Using the KNMI Climate Explorer I have rough ocean basin temperatures. My "Pacific" includes the most of the Caribbean and the Gulf of Mexico which I may some day revise unless someone else does before I get the chance. If not I can rescale the basin which I may have to do anyway. This is more just a first stab than a final result so be patient.
For area, volume and percentages I have the following adapted table:
|Area+||% Ocean||Volume||% Ocean||Avg. Depth||Max Depth|
+ Boundaries between oceans vary depending upon agency, making comparisons with other published estimates difficult.
¤ Total surface area of Earth is 510,082,000 sq. km. The oceans cover ~70.9%.
* Southern Ocean area and volume calculated from ETOPO1 Bedrock version (includes Weddell and Ross seas without ice cover).
# Deepest ocean depth is in the Marianas Trench, measured at 10,911 meters. Maximum depths from ETOPO1 are not expected to exactly
match known measured maximum depths as ETOPO1 represents average depths over ~4 sq. km areas.
Eakins, B.W. and G.F. Sharman, Volumes of the World's Oceans from ETOPO1, NOAA National Geophysical Data Center, Boulder, CO, 2010.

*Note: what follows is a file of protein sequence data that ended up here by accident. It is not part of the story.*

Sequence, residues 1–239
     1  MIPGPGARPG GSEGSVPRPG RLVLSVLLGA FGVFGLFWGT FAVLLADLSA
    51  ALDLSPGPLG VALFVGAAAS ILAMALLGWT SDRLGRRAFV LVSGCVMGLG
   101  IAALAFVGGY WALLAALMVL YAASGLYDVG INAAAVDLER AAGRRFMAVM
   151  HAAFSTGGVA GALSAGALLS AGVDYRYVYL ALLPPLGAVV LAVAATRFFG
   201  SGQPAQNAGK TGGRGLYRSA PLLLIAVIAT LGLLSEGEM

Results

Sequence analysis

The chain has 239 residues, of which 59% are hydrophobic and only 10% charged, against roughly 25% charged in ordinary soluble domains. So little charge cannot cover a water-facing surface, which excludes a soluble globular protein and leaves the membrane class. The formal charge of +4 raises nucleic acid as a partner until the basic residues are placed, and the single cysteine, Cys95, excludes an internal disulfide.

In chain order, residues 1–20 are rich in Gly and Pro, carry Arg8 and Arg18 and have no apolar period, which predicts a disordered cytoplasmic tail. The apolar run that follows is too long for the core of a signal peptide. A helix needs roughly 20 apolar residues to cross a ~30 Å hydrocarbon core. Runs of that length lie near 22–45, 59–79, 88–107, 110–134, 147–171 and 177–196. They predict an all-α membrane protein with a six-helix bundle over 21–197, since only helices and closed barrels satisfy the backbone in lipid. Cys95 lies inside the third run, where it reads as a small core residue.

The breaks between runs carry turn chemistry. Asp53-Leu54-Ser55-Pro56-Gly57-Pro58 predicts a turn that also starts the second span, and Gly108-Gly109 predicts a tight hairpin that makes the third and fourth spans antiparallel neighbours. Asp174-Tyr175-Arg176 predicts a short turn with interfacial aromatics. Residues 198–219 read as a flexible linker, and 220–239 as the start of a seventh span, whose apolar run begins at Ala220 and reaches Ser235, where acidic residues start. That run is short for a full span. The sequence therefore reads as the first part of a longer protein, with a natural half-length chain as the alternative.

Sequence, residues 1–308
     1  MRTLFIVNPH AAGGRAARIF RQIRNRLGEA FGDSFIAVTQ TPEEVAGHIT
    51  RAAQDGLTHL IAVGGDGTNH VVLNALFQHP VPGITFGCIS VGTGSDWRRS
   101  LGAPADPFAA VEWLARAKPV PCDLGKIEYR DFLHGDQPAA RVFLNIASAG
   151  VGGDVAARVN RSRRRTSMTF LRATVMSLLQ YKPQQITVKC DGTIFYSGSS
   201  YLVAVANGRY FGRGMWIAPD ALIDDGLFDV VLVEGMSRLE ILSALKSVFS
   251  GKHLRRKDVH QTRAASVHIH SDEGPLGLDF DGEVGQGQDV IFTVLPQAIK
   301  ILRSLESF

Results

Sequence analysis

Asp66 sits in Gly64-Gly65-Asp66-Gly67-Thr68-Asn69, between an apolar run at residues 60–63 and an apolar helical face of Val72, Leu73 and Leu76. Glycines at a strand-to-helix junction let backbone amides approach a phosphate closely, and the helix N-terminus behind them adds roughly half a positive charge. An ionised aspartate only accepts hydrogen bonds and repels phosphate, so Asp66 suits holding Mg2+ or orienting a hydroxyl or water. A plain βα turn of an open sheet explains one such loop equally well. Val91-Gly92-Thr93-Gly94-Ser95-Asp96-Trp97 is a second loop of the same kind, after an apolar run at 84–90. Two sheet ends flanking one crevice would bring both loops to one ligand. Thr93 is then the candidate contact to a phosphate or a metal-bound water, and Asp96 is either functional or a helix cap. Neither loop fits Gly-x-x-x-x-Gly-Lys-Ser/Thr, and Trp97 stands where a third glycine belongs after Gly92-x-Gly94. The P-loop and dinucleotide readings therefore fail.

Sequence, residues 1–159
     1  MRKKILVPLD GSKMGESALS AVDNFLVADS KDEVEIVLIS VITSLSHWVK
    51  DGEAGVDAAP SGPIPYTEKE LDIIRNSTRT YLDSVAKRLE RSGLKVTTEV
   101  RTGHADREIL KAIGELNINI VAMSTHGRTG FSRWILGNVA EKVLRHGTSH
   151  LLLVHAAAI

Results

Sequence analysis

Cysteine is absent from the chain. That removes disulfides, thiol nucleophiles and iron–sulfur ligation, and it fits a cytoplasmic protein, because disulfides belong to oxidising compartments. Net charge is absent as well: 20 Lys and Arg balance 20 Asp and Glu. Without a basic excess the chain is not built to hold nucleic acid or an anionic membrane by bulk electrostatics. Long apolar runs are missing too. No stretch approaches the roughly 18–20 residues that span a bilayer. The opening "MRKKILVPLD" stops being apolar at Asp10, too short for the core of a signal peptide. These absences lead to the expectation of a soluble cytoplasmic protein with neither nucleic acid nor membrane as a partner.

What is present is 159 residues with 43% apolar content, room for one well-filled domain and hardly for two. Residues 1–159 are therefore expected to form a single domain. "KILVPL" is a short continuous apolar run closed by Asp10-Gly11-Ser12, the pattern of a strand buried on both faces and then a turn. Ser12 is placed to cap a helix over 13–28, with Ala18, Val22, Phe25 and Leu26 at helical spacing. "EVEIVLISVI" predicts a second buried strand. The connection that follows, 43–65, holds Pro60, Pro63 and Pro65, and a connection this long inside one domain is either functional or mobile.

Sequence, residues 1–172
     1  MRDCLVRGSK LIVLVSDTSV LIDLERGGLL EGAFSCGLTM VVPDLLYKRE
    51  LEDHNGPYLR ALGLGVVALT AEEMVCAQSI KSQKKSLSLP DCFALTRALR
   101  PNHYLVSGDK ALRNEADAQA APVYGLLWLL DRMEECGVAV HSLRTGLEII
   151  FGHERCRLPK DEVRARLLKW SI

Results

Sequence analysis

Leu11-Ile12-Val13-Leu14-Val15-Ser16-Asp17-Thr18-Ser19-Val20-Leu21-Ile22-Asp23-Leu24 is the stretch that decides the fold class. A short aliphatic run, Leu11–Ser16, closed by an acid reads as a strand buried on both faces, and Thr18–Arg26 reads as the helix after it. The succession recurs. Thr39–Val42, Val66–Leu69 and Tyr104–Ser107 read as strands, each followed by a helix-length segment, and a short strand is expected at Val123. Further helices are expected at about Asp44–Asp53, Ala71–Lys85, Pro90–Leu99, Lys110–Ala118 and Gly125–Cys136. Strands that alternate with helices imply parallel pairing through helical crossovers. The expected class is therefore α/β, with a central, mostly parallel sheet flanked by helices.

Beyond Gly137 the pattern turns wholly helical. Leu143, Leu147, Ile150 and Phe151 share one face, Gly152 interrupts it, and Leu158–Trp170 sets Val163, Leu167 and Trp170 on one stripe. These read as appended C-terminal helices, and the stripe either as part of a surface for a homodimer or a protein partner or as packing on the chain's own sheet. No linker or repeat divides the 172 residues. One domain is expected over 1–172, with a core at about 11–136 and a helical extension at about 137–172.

Scaling of the SST by basin to the NOAA NODC Vertically Averaged Temperature Anomaly is simply matching the linear regressions for the SST with the VAT for the overlap period from 1955 to 2012 then the scaled regression for the full 1870 to 2013 SST period can be used to approximate changes in 0-700 meter temperature and then 0-700 meter OHC.
Using surface temperature as a proxy of sorts for deep ocean temperature is far from perfect. Since most of the deep ocean warming is due to mixing which reduces surface temperature, there will be plenty of shorter term fluctuation that are out of phase. When the deeper ocean cools, that energy can be transferred to the surface somewhat bring the two in phase. So how much useful information may be gained is a total crap shoot, but it is a fun comparison.
|S. Atl||N. Atl||S. Pac||N. Pac||S. India||N. Indian||Average|
Instead of just scaling the OHC I thought it would be interesting to actually calculate the rough variation. There are a few issues with my mass calculations likely due to not including the shoreline slope since the kg appears to be a little less than a percent high compared to the Rosenthal et al. 2013 values, but pretty close for this initial run.
Starting with the Pacific, there is a lot more variability in the north which can be smoothed out, but without smoothing more that with a 5 year moving average it looks like this.
One of the major issues with the SST masks I used is the southern and Arctic oceans are not included. Including the polar oceans will require a more detailed masking which can also reduce the Caribbean and Gulf of Mexico areas being in the Pacific region with the initial quick and dirty masking.
This ends part one of this series.